It is alarming to learn that only one in four small businesses is truly ready for a cyber-attack. No, the issue isn’t that security isn’t on the minds of business leaders. While some businesses lack enough financial resources, others do not have a well-trained workforce. In other cases, small businesses might be channeling their efforts and resources into the wrong areas security-wise.

In turn, those businesses risk everything, from damaging their reputation to losing customers and having to handle costly fines. If you think that cyber-security is a once and done task, think again. Cyber-criminals are always looking for ways to outsmart the current security tools and policies, and the rate at which technology is advancing seems to work in their favor.

Ideally, always being on your toes in the fight against cyber-security threats is the only way your business can remain afloat. As long as you can leverage stellar risk management strategies, creating a strong security posture for your business will be a walk in the park.

Here is how data protection is changing and how to use risk management strategies to protect your company’s data:

IoT Security Threats Will Be Powered By AI
With convenience being one of the most significant commodities in the business world, the Internet of Things is expected to gain even more traction. More businesses will invest in IoT devices, from routers to devices made to run factory machinery. Sadly, most manufacturers are yet to deliver such devices with security as part of the design.

For you as a business owner, this means that you risk having hackers access your business’ network through such vulnerable devices. Worst of all, hackers are starting to leverage AI to form attacks that can mimic normal user behaviors. This makes it easy for them to bypass common security tools.

Among the best ways to retaliate is to install standard IoT device updates and strive to purchase devices that are designed with security as part of their design. Since manufacturers realize the threat that lies in AI-crafted threats, they are working to patch common device vulnerabilities. Consider giving the update management role to a specific individual in your workforce to reduce the risks involved.

Spear Phishing Will Continue To Be a Greater Threat
Without enough employee training and investment in security tools, you can easily fall prey of spear-phishing (also known as warshipping). This is where members of your workforce receive emails from hackers who are working in the façade of a well-known vendor. In other cases, a criminal will gain access to one of your employee’s emails and start collecting information. Once they collect all the necessary information they need for an attack, they can contact clients and ask for data or even cash. Not only can these attacks damage your reputation, but they can also be the start of costly lawsuits.

This type of attack has been quite prominent in the mortgage industry for some time now. For starters, train your employees on how to spot washipping threats before they happen. Next, ensure that you encrypt your sensitive data and use multi-factor authentication for all accounts to prevent the chances of a hacker gaining access to your business’ data. You can also use Ai-based tools that block phishing attacks.

Compliance Will Be Mandatory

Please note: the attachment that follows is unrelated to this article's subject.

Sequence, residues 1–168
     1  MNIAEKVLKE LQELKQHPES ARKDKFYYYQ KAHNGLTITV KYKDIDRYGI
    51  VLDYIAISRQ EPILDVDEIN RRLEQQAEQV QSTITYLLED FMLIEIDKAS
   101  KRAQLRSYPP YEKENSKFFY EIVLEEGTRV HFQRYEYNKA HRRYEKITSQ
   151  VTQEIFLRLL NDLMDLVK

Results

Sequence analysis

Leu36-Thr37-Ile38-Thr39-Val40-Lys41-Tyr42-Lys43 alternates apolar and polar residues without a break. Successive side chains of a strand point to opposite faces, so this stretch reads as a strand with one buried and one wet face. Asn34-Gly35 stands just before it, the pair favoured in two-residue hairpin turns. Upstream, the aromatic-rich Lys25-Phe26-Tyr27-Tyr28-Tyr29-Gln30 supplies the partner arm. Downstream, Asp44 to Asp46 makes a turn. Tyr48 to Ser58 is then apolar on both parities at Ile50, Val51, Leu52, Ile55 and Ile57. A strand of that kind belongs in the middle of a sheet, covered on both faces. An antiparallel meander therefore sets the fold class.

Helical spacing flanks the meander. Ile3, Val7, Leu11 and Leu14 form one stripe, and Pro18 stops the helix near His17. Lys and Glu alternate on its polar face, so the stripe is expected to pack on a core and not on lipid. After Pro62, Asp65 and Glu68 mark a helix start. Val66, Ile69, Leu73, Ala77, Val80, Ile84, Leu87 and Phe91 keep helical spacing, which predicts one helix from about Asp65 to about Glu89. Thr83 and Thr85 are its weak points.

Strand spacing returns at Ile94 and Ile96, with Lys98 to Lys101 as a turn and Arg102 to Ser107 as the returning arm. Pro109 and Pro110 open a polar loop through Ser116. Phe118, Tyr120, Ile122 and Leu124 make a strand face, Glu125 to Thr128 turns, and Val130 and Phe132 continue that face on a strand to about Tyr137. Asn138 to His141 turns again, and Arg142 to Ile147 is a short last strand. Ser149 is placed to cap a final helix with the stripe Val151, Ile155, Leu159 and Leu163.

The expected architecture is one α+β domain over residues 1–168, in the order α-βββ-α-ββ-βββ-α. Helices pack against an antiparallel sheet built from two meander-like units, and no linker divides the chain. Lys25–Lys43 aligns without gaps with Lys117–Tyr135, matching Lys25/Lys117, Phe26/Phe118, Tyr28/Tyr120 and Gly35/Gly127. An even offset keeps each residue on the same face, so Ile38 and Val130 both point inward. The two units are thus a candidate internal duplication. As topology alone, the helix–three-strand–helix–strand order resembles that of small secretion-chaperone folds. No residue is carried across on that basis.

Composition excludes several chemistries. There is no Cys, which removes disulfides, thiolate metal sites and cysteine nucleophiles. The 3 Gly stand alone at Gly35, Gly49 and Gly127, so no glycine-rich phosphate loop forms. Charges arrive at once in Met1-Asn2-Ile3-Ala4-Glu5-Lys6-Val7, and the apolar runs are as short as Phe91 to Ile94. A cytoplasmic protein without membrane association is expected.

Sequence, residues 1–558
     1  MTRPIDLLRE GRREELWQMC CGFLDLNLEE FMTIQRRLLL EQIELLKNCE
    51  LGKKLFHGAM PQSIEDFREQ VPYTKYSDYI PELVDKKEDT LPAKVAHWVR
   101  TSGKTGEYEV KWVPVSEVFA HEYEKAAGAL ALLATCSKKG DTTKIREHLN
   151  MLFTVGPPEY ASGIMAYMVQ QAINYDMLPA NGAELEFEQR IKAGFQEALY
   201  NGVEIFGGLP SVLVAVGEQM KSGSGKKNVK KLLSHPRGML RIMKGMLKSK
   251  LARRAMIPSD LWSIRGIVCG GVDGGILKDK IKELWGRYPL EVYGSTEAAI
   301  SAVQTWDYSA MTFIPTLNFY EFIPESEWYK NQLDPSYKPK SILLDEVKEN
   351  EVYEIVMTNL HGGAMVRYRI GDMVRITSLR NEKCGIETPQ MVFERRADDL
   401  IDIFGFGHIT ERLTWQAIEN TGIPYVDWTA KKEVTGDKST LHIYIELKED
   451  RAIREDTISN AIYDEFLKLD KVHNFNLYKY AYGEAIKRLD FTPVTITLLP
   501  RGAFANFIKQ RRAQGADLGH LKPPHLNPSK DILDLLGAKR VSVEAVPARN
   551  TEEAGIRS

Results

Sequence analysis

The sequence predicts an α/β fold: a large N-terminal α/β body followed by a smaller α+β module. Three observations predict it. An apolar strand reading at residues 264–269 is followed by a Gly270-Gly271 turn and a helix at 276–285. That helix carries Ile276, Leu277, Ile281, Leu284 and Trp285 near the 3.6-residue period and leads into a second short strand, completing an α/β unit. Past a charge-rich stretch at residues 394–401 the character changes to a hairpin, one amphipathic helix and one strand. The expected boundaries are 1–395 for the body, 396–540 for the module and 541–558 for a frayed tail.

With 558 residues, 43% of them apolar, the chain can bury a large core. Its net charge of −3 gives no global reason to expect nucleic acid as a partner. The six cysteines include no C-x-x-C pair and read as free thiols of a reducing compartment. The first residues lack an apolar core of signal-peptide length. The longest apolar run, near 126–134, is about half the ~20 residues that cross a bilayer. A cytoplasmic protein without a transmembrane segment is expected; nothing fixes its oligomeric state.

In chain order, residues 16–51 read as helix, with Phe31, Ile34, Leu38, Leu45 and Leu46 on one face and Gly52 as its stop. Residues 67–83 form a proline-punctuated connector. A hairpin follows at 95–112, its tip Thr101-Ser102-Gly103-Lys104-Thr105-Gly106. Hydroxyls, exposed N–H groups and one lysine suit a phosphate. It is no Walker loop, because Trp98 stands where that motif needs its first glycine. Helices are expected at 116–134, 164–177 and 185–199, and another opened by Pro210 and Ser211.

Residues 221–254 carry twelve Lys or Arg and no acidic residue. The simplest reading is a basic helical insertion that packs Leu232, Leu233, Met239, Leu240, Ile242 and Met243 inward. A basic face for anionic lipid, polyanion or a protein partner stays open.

While there are a million ways to protect your business from emergent threats, cyber-security regulations are made to standardize data protection. Regulations like HIPAA, PCI DSS, and GDPR help organizations observe the threshold requirements for protecting their data. Failure to comply increases your chances of undergoing a data breach as well as incurring hefty fines from the regulatory bodies.

However, compliance goes beyond your business. Most regulations also require businesses to work with vendors who are compliant too. Other than reducing the risk that your data might get compromised due to a vendor’s non-compliance, working with compliant vendors also reduces the chances of incurring hefty fines. Be sure to assess your vendors’ security practices before working with them.

The Role That Risk Management Plays
There is no silver bullet for securing businesses against cyber threats. While your business might be battling a specific threat, another one might be fighting a completely different one. As a result, understanding your threat landscape is the best way to combat subtle threats before they turn into a menace. Risk management helps you assess where your business stands security-wise and look for ways to reduce security risks.

Ideally, you need to assess vendor security systems, the effectiveness of your tools, and any security loopholes that exist in your network. With a risk management program, it becomes easy to identify security loopholes and focus on getting rid of them. It also helps to choose the right tools, instead of channeling your business’ scarce resources towards trivial threats while leaving the more significant risks to chance.

Your business’ threat landscape is bound to evolve with time. While the threats above are plaguing businesses today, more will come up with time. Focus on risk management to keep your business ready to fight future security threats.

By: Ken Lynch

The author is an enterprise software startup veteran, who has always been fascinated about what drives
workers to work and how to make work more engaging. Ken founded Reciprocity to pursue just that. He
has propelled Reciprocity's success with this mission-based goal of engaging employees with the
governance, risk, and compliance goals of their company in order to create more socially minded
corporate citizens. Ken earned his BS in Computer Science and Electrical Engineering from MIT.

Aashima Sharma

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